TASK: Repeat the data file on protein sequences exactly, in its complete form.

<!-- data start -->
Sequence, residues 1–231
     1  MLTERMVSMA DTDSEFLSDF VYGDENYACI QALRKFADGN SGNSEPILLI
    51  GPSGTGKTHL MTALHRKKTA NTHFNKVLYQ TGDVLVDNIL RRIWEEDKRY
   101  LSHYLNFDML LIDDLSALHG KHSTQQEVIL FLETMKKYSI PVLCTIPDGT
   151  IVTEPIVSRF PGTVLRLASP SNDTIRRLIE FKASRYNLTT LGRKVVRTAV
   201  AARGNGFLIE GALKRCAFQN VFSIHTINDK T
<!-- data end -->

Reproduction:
Sequence, residues 1–231
     1  MLTERMVSMA DTDSEFLSDF VYGDENYACI QALRKFADGN SGNSEPILLI
    51  GPSGTGKTHL MTALHRKKTA NTHFNKVLYQ TGDVLVDNIL RRIWEEDKRY
   101  LSHYLNFDML LIDDLSALHG KHSTQQEVIL FLETMKKYSI PVLCTIPDGT
   151  IVTEPIVSRF PGTVLRLASP SNDTIRRLIE FKASRYNLTT LGRKVVRTAV
   201  AARGNGFLIE GALKRCAFQN VFSIHTINDK T